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Comedy in A mynah

Published:Saturday | April 21, 2012 | 12:00 AM

Tony Deyal, Contributor

Today I left the village post office and a really muddy, scrawny chicken shot across the road, narrowly escaping being dinner, and then returned almost faster when it ran into a cat. Why did he do that? Because he was a dirty-double crosser, that's why. That is also the reason for calling a missing parrot a polygon, and explaining that the turkey didn't finish his dinner because he was already stuffed.

However, in the avian world, and in the annals of ornithology, that double-crossing chicken is not unique. Many years ago, the Trinidad calypsonian, Lord Christo (Christopher Laidlow), sang about a parrot named Lorito who, aided by a young mute, warned him that his wife was having an affair. Every time the lady's boyfriend, Rouse, visited the house, the mute would point at the back door, and the parrot would say to Christo, "Walla, walla, bing, bang, today!" Eventually, both the boyfriend and the parrot disappeared in a stew.

A few years ago, a Chinese man from Chongqing city who ignored the bird in hand and sought solace outside the matrimonial home discovered that he had been sold out by his feathered friend, a mynah bird, which seemed to have become a stool pigeon. Mynah birds, from the starling family (in South East Asia), are known for their ability to talk. They are very expensive.

The man's wife, already in a stew and her feathers thoroughly ruffled because of her suspicions of her husband's infidelity, is now seeking a divorce because of the bird. The woman heard the mynah bird saying words like 'divorce', 'I love you', and 'be patient' after it overheard telephone calls between her husband and his mistress. She realised that the bird became very talkative any time the phone rang.

Bird on the stand?

According to a newspaper report, the woman "brought the bird to a law office for consultation, hoping it could testify in court". In China, there is no equivalent of the American charge of contributing to the delinquency of a mynah. However, the question in this case is whether a Chinese mynah can give evidence in a matrimonial matter? Maybe in the case of a voyeuristic Peking duck.

One old lady may have a solution to the husband's dilemma. Her son, Myron, knowing the old woman was hard to please, finally came up with a truly inspired birthday present, a gorgeous mynah bird that spoke six languages. He paid an extremely high price and arranged to have the bird delivered to his mother in an antique cage. The evening he came by for his mother's birthday dinner. "So, Mom," he asked, "did you get my present today?" "Yes, Myron," she replied. "I did. I must say it's cooked up very nicely."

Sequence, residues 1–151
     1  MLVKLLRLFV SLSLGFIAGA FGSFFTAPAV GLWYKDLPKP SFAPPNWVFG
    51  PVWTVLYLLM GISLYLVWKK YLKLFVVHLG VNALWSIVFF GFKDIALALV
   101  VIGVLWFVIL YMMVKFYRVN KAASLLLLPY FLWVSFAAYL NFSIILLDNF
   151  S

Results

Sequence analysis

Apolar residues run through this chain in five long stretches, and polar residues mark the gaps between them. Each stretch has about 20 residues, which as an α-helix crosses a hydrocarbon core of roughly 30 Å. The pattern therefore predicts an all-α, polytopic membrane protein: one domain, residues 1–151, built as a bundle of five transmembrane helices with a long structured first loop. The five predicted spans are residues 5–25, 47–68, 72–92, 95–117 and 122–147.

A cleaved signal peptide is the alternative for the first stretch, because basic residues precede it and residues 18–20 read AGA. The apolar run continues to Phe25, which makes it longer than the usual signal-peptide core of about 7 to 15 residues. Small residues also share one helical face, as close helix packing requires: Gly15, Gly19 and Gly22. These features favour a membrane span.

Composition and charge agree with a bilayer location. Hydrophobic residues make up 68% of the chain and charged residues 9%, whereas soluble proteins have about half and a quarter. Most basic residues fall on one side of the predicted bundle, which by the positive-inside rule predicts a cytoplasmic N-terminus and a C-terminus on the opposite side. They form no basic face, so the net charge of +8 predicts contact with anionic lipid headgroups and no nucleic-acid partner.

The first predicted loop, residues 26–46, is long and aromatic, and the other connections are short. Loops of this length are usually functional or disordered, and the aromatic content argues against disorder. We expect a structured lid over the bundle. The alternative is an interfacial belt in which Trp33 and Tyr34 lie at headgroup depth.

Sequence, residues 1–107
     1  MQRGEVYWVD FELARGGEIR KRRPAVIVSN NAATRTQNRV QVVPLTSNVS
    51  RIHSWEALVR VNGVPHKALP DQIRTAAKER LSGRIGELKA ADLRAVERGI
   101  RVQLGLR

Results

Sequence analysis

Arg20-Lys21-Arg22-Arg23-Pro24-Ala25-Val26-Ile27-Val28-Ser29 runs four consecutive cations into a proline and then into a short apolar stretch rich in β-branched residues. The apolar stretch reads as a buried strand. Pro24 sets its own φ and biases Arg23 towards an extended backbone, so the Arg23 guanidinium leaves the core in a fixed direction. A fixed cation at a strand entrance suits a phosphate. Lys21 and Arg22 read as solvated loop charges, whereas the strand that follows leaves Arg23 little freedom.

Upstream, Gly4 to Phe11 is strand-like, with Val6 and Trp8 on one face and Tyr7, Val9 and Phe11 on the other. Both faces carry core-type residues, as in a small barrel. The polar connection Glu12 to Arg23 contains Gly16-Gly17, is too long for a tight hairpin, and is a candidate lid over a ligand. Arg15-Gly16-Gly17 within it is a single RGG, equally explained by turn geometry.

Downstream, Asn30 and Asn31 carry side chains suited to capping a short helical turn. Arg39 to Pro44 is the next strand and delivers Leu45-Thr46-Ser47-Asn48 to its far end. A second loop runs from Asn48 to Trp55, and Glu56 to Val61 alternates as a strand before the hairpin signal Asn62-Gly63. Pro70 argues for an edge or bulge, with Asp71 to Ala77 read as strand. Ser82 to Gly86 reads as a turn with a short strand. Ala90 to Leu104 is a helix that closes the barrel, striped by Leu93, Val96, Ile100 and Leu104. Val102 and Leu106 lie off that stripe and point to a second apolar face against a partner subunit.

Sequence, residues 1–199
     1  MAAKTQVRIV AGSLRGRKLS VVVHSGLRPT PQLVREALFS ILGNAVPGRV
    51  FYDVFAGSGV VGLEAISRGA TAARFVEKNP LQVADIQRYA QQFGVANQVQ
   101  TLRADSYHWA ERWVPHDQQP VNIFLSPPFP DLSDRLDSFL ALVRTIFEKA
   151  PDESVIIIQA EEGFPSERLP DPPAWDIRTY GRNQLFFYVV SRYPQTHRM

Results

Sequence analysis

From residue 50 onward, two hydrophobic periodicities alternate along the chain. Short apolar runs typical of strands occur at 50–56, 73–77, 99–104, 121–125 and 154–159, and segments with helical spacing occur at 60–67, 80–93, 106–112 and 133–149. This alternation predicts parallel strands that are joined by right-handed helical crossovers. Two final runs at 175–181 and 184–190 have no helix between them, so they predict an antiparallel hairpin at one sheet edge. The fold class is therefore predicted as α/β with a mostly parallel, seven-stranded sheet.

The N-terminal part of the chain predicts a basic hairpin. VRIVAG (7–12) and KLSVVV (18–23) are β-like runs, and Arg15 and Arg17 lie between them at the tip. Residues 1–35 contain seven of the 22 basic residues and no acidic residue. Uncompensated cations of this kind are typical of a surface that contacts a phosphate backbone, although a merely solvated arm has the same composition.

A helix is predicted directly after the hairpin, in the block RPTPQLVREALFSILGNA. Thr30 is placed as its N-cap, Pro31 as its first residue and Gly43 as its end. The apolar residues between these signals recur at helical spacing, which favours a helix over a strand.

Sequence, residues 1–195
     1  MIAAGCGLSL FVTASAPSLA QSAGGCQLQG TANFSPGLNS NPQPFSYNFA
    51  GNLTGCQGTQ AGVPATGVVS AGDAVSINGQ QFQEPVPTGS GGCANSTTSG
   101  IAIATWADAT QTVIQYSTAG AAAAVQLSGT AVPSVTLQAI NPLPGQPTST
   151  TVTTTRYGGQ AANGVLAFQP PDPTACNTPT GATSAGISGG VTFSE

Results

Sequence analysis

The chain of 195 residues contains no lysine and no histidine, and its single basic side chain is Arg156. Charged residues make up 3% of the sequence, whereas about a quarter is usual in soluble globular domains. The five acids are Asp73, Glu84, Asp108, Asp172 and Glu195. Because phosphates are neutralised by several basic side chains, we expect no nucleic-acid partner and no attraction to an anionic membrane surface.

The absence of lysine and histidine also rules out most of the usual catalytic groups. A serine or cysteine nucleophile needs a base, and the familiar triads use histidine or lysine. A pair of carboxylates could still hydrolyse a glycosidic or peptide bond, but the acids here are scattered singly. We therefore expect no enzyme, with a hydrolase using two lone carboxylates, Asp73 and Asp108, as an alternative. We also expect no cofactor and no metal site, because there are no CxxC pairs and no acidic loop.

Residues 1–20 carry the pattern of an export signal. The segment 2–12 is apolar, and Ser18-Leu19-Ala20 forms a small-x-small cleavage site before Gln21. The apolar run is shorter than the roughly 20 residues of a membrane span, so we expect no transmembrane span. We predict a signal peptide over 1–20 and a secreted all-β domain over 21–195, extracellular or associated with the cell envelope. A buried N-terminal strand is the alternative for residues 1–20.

Myron gasped. "Don't tell me you cooked it!" he screamed. "Mom, that bird cost me $5,000. It spoke English, Portugese, Mandarin, Urdu, Arabic and Russian."

"Now, Myron," the old woman chided. "If it really spoke all those languages, why didn't it say something?"

One of the mysteries of the universe, apart from how pigeons know that you've just polished your car, is what causes mynah birds to be such good singers. A millionaire went into an upscale Beverly Hills pet shop to buy a mynah bird. He demanded the best, saying, "I want a bird that sings like Sinatra, with the range of an opera star, and with the tone of Pavarotti." The clerk said, "That will cost you $5,000." The millionaire replied, "If it does what I want, I don't care about the price."

The clerk then pointed out, "You'll also have to buy this other bird for $10,000?" "Why the second bird?" asked the puzzled man. The clerk said matter-of-factly, "He's the arranger."

Difficult questions

Apart from arranging, birds are credited with considerable skills and a wide range of behaviours that prompt some very difficult questions. For instance, owls are said to be smarter than chickens solely on the evidence that there is no fast-food chain called, 'Kentucky Fried Owls'. However, what do you do with an owl with no wings?

There was the canary who didn't want to pay for his date's dinner because he was too 'cheep'. And the duck who walked into a drug store and asked for a tube of lipstick. When the cashier said, "That will be $1.50," the duck replied. "Just put it on my bill." There is the matter of ascertaining the difference between a mynah bird with one wing and one with two wings. It is a difference of a pinion.

This is what David had with an expensive mynah bird he got for his birthday. The bird had a bad attitude and even worse vocabulary. Every other word was an obscenity. David tried very hard to change the bird's behaviour, but the bird refused to cooperate. David tried very polite language and tried to set a good example, but the mynah was obdurate.

Finally, David lost his temper, shook the bird and then shut it in the freezer. From outside he could hear the bird swearing, kicking, shrieking and squawking. Then everything went quiet. David was scared that he might have hurt the expensive mynah bird. He opened the freezer door and the bird calmly walked out and said, "I am extremely sorry that I might have offended you or caused you discomfort with my language and choice of expressions. I humbly ask your forgiveness. Give me one more chance and I will correct my behaviour."

David was amazed at the great change that had occurred in the mynah and was about to ask the bird what had caused it when the mynah continued, "May I ask what the chicken did?"

Tony Deyal was last seen telling the story of a woodpecker who, while on holidays, was pecking at a tree when lightning struck and split the tree in two. The bird said, "It is a strange phenomenon that a person does not know how hard his pecker is until he gets away from home."